The fifth generation of mobile network technology (5G) is unavoidable in an increasingly technological society and open to novelty in an ever more digital world.
Not by coincidence 5G is a hot topic for governments, operators, investors, economic agents and consumers: 5G brings added value to communication between people, enabling communications services with greater speed and capacity, smaller latency and faster download speed – which translates, for example, into faster transmission of a data volume, 100 times more than the current, almost instantly, and connection of up to 1 million devices per km2.
But 5G does not stop here, in communication between people. The Internet of Things finds here a fast, efficient and comprehensive ecosystem, both for the public sector (for example transportation, postal sector, healthcare, education, public administration) and for the private sector, promoting new products and services – for example self-driving cars, healthcare, financial and security service platforms, industry and the manufacturing sector.
5G is, above all (and most of all), enhancer of economic and business growth, consumer convenience and social cohesion.
5G requires coordination between technology, government macro-strategy and law. Companies that have not prepared for 5G in advance, with a holistic and well-oiled compliance strategy that takes into account the entire digital ecosystem – for example, cybersecurity, data protection, electronic transaction regime and general regime of legal responsibility – will be much more vulnerable, and certainly much less prepared, for the challenges and opportunities that lie ahead.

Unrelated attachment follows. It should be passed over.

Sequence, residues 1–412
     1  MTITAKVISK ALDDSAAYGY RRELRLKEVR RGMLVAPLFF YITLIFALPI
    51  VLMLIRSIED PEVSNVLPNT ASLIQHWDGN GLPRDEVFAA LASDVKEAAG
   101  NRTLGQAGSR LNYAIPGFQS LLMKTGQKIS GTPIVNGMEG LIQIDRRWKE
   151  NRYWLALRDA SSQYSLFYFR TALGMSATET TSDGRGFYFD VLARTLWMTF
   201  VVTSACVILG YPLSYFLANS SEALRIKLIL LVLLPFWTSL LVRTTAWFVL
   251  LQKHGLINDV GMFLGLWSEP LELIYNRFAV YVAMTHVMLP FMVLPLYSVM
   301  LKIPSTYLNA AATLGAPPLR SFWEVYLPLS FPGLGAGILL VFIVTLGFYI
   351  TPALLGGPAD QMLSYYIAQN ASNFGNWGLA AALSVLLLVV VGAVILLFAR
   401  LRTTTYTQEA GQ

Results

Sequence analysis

In 5G, and without prejudice to the legislation applicable to each sector of activity, the Government has the first word in this matter. Accordingly, in February 2020, Resolution of the Council of Ministers no. 7-A / 2020 was approved, approving the strategy and timing of 5G (“Government Strategy”).
The Government Strategy defined technical, operational (stating that it is up to ANACOM to manage the spectrum allocation procedure for 5G) and strategic goals (for example, the timetable for its implementation in municipalities, hospitals and healthcare centres, universities, industrial parks, international airports, railway lines and military installations).
Following this Strategy, ANACOM published, in February, a draft regulation of the auction, a process that ended in the final Regulation no. 987-A / 2020, of November 5th.
Despite the challenge to this Auction when it was already in progress (ANACOM planned to issue 5G licenses in the first quarter), one thing is certain: 5G is undeniable, inevitable… and a must.
Companies must prepare themselves, adapting commercial strategies, preparing teams and ensuring full legal compliance, in order to take full advantage of 5G and do what the market can do best – hit the ground running.